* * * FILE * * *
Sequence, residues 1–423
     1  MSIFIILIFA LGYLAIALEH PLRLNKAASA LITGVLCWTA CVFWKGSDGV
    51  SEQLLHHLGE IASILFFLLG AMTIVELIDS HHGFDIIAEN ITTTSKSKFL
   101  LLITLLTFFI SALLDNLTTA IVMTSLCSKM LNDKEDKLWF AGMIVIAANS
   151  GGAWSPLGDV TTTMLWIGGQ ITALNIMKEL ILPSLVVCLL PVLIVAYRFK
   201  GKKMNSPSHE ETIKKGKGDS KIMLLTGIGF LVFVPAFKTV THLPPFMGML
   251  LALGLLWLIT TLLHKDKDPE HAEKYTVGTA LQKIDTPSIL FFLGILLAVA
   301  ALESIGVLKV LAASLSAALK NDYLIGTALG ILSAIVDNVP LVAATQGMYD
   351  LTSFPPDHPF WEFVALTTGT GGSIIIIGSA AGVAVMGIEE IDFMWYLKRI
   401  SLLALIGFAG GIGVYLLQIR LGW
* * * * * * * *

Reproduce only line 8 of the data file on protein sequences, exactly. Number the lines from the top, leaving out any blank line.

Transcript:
   301  ALESIGVLKV LAASLSAALK NDYLIGTALG ILSAIVDNVP LVAATQGMYD